Split Top Roubo - Part 5 - Fixing Mistakes

I've read that what separates a beginner woodworker from an experience woodworker is their ability to fix their mistakes. With that in mind this project is testing my woodworking abilities. It seems as though this bench top wants to fight me every now and then.

At the end of the my last post I had just finished gluing the tops. After the clamps were all removed I inspected that tops and was fairly pleased with the results. Working on the bottom sides I did some checking for flatness, and thankfully my previous efforts paid off and only minor cleanup was required. Both tops went through the planer and were brought to a final thickness. The vise top half had a slight crook to it, so it required some passes over the jointer to ensure straight edges. Thankfully this was an easy fix and the only side effect was a slightly narrower top.

In order the cut the slabs to length I made a jig to ensure square and accurate cuts with my circular saw. More details can be found here. I did a few practice cuts before performing the final incisions. That same practicing prepared me for the initial shoulder cuts for the tenon and some hand saw work finished it off. The groove for the vise screw was created using a router and a straight bit. I was happy with the results!

The end cap was next on the hit list and after gluing some 8/4 Cherry together I machined the blank to final dimensions. Off to the router table to create the mortise and after many passes I decided to check how close I was on the fit. My heart almost stopped when the end cap slipped nicely over the tenon... it wasn't supposed to fit yet! Thankfully proper measuring created an acceptable joint. Following the plan I laid out and drilled all the required holes to secure the end cap. The corresponding holes in the bench top were put in as well. This task was a friendly reminder that drilling into end grain can be tricky and the bit will tend to wander.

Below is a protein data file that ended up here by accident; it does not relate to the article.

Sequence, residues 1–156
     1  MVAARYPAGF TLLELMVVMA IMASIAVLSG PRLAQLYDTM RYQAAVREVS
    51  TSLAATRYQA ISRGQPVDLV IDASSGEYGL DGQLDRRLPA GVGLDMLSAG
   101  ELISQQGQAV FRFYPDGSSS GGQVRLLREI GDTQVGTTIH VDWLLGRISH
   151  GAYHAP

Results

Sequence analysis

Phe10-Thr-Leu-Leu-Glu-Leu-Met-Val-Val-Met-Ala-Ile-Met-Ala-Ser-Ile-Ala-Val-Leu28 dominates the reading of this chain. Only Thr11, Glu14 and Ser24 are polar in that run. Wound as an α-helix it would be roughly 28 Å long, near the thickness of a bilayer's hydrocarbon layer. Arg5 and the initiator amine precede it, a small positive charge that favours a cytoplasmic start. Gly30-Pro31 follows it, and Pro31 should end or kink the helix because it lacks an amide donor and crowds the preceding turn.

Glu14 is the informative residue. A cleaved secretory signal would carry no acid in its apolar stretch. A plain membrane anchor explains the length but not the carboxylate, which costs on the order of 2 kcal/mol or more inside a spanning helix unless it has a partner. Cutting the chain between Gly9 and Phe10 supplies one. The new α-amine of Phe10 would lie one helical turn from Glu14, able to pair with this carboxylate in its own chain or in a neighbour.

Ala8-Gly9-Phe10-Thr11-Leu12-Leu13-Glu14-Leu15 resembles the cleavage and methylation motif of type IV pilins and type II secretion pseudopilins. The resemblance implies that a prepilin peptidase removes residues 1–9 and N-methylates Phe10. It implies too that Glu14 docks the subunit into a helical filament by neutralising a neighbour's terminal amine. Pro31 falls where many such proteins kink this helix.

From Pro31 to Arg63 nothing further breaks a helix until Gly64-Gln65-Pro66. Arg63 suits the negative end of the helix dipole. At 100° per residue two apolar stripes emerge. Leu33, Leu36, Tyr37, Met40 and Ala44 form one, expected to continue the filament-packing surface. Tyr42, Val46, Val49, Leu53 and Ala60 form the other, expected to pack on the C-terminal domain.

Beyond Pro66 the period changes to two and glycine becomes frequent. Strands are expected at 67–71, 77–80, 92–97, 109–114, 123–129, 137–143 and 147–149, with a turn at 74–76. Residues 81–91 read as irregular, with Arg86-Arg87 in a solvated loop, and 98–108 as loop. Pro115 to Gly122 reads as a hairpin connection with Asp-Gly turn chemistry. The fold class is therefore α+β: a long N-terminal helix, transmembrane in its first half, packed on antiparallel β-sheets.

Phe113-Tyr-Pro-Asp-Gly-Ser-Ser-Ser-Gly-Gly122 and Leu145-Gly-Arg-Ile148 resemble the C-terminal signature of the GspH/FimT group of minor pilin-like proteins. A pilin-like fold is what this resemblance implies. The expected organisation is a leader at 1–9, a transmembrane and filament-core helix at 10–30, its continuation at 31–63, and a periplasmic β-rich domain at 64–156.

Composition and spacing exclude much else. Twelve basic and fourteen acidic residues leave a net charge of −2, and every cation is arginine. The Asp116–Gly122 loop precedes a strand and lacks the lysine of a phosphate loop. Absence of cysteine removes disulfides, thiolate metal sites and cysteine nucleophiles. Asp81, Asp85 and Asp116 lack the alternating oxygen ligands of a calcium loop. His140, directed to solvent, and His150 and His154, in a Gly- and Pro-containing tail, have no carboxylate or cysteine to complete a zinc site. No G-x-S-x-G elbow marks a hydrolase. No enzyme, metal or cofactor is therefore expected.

I started out this post by talking about mistakes and yet everything has seemed to go so smoothly. This is where things started to go a little sideways. The holes I drilled in the top were less than perfect and a chisel was required to perform the proper tweaking - minor issue.  The next day when I came back in the shop and notice a huge crack had formed in the end cap. Time to start that piece over! When making the replacement piece I incorrectly measured a hole location and didn't realize it until I was mid way through drilling the hole. After some expletives, I determined I had enough material to trim off an end and reuse one of the holes.

It was around this time that I notice some gaps in the top. It appeared as though the top was separating, but with the gluing method I used how could this be true? After some investigation I was still confused but felt it unlikely the top was going to fall apart any time soon. I decided to put some wood filler in the gaps for two reasons. One, I wouldn't be able to see the gaps so they wouldn't bother me as much. Two, if the top was moving at all the gaps would reappear and I would know I've got bigger problems.

Lastly on my agenda was making the bench dog strip. The first step was making the jig for the router. The jig is simple to make and using the jig is a two step process. Step one is to remove the bulk of the material with a 1/2" straight bit and a bushing in the router. Step two is using a pattern bit to finish the dog hole flush with the jig. A problem arose quickly. The pattern bit required the use of 1/2" thick plywood to ensure it could comfortably reach the bottom of the hole while the bushing required 5/8" thick plywood to have proper clearance. The solution was simply making two different templates. After some practice dog holes, I started on the final dog hole strip. While routing the final pass on the first dog hole I noticed the template shifting. I panicked and instead of just releasing the pressure off the router I pulled it out of the hole... and of course I took out a chunk of the template on the way by. Not wanting to build a new one, and grabbed some body filler to correct the issue. It now sits waiting to be sanded back smooth for a second chance at life.

See all the posts about the Split Top Roubo here.